The military coup in Niger has not yet succeeded, the French Government has insisted, while stating it is “illegitimate” and “deeply dangerous” for the region.
France has branded the apparent revolution as only an “attempt” to overthrow the country’s democratically elected government. The military takeover could still be undone, Paris says.
According to a report by Le Figaro, French officials have said that the Niger’s currently detained president Mohamed Bazoum is alive and “in good health”.
They are now calling on the military in control of Niger to release him immediately and had back the reins of power.
“This coup d’etat is perfectly illegitimate and deeply dangerous for Nigeriens, for Niger, and for the whole region,” French President Emmanuel Macron told journalists.
“[Bazoum] is in good health and we not only want him to be released but free him and his family in complete safety as a prerequisite for the return to constitutional order,” he added.
French foreign minister Catherine Colonna has spoken of “exit possibilities” regarding the coup that would allow Niger to return to democracy.
The French Government’s insistence that the Niger coup may unravel comes despite growing support there for the army revolt, with members of the military and general public coming out in support of the now-ruling junta.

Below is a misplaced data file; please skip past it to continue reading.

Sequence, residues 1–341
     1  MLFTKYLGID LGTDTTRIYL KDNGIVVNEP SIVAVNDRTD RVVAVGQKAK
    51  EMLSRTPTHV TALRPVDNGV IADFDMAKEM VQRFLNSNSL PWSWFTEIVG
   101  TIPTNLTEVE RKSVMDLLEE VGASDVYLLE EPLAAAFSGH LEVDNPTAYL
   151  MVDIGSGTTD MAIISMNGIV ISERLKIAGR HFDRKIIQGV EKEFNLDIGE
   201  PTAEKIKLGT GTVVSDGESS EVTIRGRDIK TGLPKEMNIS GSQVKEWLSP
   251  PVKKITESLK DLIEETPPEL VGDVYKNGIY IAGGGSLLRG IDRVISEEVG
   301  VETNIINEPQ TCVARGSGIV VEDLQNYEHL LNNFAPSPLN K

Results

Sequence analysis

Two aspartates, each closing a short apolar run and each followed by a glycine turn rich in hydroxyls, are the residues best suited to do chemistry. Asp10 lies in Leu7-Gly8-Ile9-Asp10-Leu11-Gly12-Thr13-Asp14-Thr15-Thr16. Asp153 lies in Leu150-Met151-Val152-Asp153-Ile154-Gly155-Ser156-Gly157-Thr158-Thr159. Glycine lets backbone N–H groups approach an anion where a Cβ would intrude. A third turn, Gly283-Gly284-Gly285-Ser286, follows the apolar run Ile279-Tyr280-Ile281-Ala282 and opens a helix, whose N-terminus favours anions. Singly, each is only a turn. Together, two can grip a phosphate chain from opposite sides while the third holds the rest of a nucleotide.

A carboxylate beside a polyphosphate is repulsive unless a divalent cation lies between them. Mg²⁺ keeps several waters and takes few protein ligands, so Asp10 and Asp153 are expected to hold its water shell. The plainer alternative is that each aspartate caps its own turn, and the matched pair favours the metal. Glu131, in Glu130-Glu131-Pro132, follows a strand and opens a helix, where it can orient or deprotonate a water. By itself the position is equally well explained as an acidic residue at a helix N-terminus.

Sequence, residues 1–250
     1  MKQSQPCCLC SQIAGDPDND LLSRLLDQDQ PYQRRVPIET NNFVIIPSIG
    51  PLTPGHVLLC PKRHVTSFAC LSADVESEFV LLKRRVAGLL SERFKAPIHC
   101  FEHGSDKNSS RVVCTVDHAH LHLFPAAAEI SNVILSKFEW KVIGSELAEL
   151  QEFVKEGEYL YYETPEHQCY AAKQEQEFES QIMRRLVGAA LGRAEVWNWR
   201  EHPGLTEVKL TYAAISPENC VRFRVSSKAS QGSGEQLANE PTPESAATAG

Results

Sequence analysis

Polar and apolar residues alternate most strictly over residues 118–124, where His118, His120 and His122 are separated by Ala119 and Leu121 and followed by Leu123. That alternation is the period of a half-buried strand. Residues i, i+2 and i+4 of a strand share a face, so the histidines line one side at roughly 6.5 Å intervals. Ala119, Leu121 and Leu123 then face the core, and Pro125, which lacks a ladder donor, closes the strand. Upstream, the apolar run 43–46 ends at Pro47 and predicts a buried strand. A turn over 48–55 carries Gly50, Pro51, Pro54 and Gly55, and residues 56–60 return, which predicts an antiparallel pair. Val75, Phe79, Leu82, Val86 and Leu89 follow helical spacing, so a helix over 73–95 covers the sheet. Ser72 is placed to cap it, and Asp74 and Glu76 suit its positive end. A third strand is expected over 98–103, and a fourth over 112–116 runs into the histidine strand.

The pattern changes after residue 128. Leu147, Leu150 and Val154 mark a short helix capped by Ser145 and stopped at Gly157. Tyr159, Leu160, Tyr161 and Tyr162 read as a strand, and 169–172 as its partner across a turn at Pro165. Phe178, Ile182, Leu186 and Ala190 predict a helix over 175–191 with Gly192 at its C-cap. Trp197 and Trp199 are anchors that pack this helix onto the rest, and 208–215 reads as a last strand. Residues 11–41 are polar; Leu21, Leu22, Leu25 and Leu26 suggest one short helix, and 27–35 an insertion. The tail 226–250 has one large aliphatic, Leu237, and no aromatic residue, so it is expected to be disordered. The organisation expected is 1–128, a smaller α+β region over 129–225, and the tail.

Hundreds of protesters gathered in front of the national parliament in the capital Niamey, seeking Russian support and demanding that France “leave their country alone”.
They waved Niger and Russian flags while singing “Long live Russia”. Others were seen holding up signs carrying messages such as, “Down with France”.
#Niger: plusieurs centaines de personnes se sont rassemblées devant l’Assemblée Nationale à Niamey pour manifester leur soutien aux putschistes.
Ils demandent l’intervention de la Russie et le départ des troupes françaises au Niger. pic.twitter.com/ihWgQc2ARo
— Lespiaut Anne-Fleur (@annefleurjo) July 27, 2023
On July 27, supporters of the coup rampaged through the capital city, setting fire to the headquarters of the governing party.
One protester said: “Politicians are fake. The Nigeriens and the army have succeeded because here, simply put, the vast majority of politicians who are leaving were not chosen by the people.”
The Niger army’s official Twitter account issued a statement declaring its support for the coup, claiming it was to avoid a violent conflict that could lead to a “bloodbath”.
If the coup’s success is established beyond doubt, it will mark a major loss for Western powers in West Africa, with Niger’s democratically elected government being seen as one of the US and France’s few allies in the African Sahel region.
Ulf Laessing, head of the Sahel programme at the Konrad Adenauer Foundation – a think-tank linked to Germany’s Christian Democratic Union party – has judged that the coup could represent a “nightmare scenario for Western powers”.
Things look less dire regarding related domestic European issues, with energy expert Samuele Furfari telling Brussels Signal that the EU’s current reliance on Nigerien uranium for its nuclear fleet will probably not result in any long-term electricity-supply issues.